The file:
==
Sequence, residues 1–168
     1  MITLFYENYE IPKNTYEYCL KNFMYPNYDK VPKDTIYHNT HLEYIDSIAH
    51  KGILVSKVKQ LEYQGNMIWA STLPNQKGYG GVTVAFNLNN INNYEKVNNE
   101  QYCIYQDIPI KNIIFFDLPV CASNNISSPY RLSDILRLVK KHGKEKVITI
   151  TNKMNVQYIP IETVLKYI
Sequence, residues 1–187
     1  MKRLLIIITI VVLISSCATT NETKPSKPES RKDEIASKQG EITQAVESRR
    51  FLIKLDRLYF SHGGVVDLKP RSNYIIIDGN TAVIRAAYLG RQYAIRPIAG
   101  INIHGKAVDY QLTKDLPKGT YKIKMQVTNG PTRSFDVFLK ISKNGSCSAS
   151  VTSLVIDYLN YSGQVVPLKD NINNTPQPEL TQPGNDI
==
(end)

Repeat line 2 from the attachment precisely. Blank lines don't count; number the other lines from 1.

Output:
     1  MITLFYENYE IPKNTYEYCL KNFMYPNYDK VPKDTIYHNT HLEYIDSIAH